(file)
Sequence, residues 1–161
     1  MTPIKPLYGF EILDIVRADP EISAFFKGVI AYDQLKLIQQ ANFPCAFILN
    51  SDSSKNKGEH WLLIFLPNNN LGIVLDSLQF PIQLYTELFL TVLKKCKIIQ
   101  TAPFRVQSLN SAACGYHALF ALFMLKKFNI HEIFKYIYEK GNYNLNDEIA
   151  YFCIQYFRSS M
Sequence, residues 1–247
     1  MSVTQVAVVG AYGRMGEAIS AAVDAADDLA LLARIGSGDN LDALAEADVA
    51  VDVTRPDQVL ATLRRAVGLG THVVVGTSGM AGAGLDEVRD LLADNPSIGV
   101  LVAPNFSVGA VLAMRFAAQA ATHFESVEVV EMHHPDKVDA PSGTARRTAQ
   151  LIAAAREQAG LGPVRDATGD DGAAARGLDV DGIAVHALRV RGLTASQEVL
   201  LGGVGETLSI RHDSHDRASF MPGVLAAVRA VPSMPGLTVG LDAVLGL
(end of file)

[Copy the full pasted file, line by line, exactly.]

Sequence, residues 1–161
     1  MTPIKPLYGF EILDIVRADP EISAFFKGVI AYDQLKLIQQ ANFPCAFILN
    51  SDSSKNKGEH WLLIFLPNNN LGIVLDSLQF PIQLYTELFL TVLKKCKIIQ
   101  TAPFRVQSLN SAACGYHALF ALFMLKKFNI HEIFKYIYEK GNYNLNDEIA
   151  YFCIQYFRSS M
Sequence, residues 1–247
     1  MSVTQVAVVG AYGRMGEAIS AAVDAADDLA LLARIGSGDN LDALAEADVA
    51  VDVTRPDQVL ATLRRAVGLG THVVVGTSGM AGAGLDEVRD LLADNPSIGV
   101  LVAPNFSVGA VLAMRFAAQA ATHFESVEVV EMHHPDKVDA PSGTARRTAQ
   151  LIAAAREQAG LGPVRDATGD DGAAARGLDV DGIAVHALRV RGLTASQEVL
   201  LGGVGETLSI RHDSHDRASF MPGVLAAVRA VPSMPGLTVG LDAVLGL